Having led three churches and having led through three different significant disruptions, I know the challenges and the stresses that crisis can create for local churches. When multiple hurricane events in a single hurricane season caused massive disruption to both church and school ministries, our team had to figure out a way to lead through recovery while doing ministry within the crisis. Years later our team had to lead the church through a fire catastrophe that rendered a building unusable for ministry. In 2008-2009 our team lead a church through the financial crisis in a community where 25% of the home owners experienced foreclosures and home prices collapsed creating a financial crisis for the church. Make no mistake these were significant challenges, however, the current challenge is more of a combination of all 3 crisis occurring within a single event and it is not a regional event it is a global event.
Here is what you can be assured of: God is still on His throne, He has not changed, and His mission is still the same. He has even orchestrated events so that this crisis can be used to further His kingdom agenda if we will pursue Him and His desires. The crisis is even filled with potential. The crisis holds the possibility of recapturing our attention, refocusing us on what is important, and rethinking ministry beyond the crisis. I will write about these issues in the days to come. Today I want to Focus on YOU! You can’t lead through the challenge and you can’t be creative and passionate if you or your team are running on empty! You must take care of yourself and you must take care of your team.
When I faced my first crisis, a direct hit from a major hurricane, I thought once the hurricane passed, the crisis would be over. It was not! The crisis had only just begun. It was the hardest year of ministry I ever faced and it never seemed to end. I was not prepared for the toll it would take on me and the effects it would have on my team. During challenging times, wise and experienced leaders know self-care and team care are of upmost importance. If you or your team members become burned out, spent, or overwhelmed, you will not be able to be fully used by God and you will have little to give to those in need. Below you will find a few questions good leaders continually ask in the midst of the crisis.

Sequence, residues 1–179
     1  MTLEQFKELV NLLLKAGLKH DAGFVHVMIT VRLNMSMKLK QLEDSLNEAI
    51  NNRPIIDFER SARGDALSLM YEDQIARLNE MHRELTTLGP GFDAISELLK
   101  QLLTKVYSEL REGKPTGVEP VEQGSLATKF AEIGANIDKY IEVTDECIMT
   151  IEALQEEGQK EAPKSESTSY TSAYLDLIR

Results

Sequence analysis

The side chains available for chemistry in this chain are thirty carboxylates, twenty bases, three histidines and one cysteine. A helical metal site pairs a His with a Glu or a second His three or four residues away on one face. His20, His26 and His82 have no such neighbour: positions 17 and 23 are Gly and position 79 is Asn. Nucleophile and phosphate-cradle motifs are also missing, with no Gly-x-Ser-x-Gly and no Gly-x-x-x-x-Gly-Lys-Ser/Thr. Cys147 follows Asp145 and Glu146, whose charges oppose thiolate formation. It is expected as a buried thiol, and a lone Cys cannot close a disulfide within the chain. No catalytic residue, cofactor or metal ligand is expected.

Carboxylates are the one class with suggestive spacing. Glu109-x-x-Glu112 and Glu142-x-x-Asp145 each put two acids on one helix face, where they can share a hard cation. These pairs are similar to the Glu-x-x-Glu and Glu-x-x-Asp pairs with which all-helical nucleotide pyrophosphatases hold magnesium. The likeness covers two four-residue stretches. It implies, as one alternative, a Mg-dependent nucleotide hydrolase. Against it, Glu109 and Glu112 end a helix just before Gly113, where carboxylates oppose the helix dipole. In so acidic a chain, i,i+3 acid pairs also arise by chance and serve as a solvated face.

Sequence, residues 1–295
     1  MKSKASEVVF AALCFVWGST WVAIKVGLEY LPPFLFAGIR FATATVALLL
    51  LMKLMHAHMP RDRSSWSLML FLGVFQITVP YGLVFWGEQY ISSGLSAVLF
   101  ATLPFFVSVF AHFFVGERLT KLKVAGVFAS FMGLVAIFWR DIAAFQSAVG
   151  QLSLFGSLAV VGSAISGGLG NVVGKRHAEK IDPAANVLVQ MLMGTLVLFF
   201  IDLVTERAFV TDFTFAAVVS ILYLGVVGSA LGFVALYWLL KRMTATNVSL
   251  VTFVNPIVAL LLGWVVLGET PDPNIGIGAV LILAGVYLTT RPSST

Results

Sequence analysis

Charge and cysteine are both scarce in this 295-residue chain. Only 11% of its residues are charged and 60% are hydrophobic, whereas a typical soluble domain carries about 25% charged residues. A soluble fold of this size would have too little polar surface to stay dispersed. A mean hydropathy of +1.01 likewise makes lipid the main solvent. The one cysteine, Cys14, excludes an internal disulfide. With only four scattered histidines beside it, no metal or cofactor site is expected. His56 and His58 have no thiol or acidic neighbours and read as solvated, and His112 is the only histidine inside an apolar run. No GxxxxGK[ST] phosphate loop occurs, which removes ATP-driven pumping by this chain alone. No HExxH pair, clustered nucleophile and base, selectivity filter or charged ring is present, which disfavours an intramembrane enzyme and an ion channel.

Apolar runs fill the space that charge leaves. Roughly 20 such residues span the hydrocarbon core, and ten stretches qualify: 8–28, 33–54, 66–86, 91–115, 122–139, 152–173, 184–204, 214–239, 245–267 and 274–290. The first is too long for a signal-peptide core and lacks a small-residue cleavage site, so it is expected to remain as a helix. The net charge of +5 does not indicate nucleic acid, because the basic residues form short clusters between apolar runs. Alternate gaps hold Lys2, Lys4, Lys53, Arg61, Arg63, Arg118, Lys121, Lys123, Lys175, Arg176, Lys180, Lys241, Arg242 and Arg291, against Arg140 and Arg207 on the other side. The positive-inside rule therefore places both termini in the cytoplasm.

Am I fostering my spiritual life through prayer, Bible reading and solitude? John 15 reminds us that we must abide in the vine if we are going to bear much fruit and if that fruit is going to remain. There is nothing more important as you face a crisis than remain “in Christ.” This will be the source of your personal peace and strength through the crisis.
Am I caring for my immediate family and closest friends? If the crisis becomes a family crisis, the focus will rightly shift from the ministry to the home. This will prevent the mission of the ministry from advancing. When it comes to caring for your family at home, use the “ounce of prevention rule.”
Am I taking time to be relationally recharged? Take time for people especially people who fuel your heart and mind. Don’t neglect phone calls from people you love. Stop to interact with people who encourage you. You don’t need all outflows and zero inflows.
Am I taking time to be alone to think? It is easy to get into a reaction mode. It is better to step back and posture yourself in a strategic mode. This does not have to take a long time, but it does require thoughtful consideration regarding the BIG issues. The ReThink resource is designed to help you do just this (https://corpusvitae.org/pdf/)
Am I turning off the world to gain a long-term perspective? In a crisis most leaders only think short-term. The crisis moment is one of the best times to think long-term. The crisis offers an opportunity to embrace changes that would have taken years to activate. But because the crisis necessitates it, the change can be made now.
Am I eating, sleeping, exercising, and drinking enough water? The emotional intensity of the crisis is hard to measure hourly or daily, only time will reveal the real toll it is taking. Paul may have born the marks of the gospel outwardly on his skin, but you are probably more likely to bear the marks inwardly through your blood pressure, heart rhythms, and mental health that can lead to health issues, depression and withdrawal. Caring for your physical body is essential for you to be present for the long-haul of the crisis.
Am I allowing others to speak into my life? You need to be talking to others who do what you do and hear from them the feelings they have, the thoughts they are thinking and the responses they are taking. You will discover you are not alone and you will learn many insightful ways to cope with the crisis and face the challenges before you. Some times you just need to verbalize to another human being what you are experiencing and experisnce the situation through their perspective.
Am I considering that one day in the future the crisis will be over? This too shall pass. You will one day look back on the current crisis with perspective and insights. It will be one of the biggest learning experiences you have ever had. Realize today, this crisis will not last forever. Say it out loud, “THIS WILL NOT LAST FOREVER!” Say it to your spouse, your kids, your leaders. “IT WILL NOT LAST FOREVER!” There don’t you feel better already knowing this will end?
Am I remembering that God is in charge and He ultimately will be the one who solves the crisis? This is a very freeing thought! I am not God. I can’t be God. I can’t do what only God can do. Isaiah 46.9-10 says, “I alone am God! There are no other gods; no one is like me. Think about what happened many years ago. 10 From the very beginning, I told what would happen long before it took place. I kept my word!
Visit the Corpus Website at http://www.corpusvitae.organd click the ReThink button to learn more.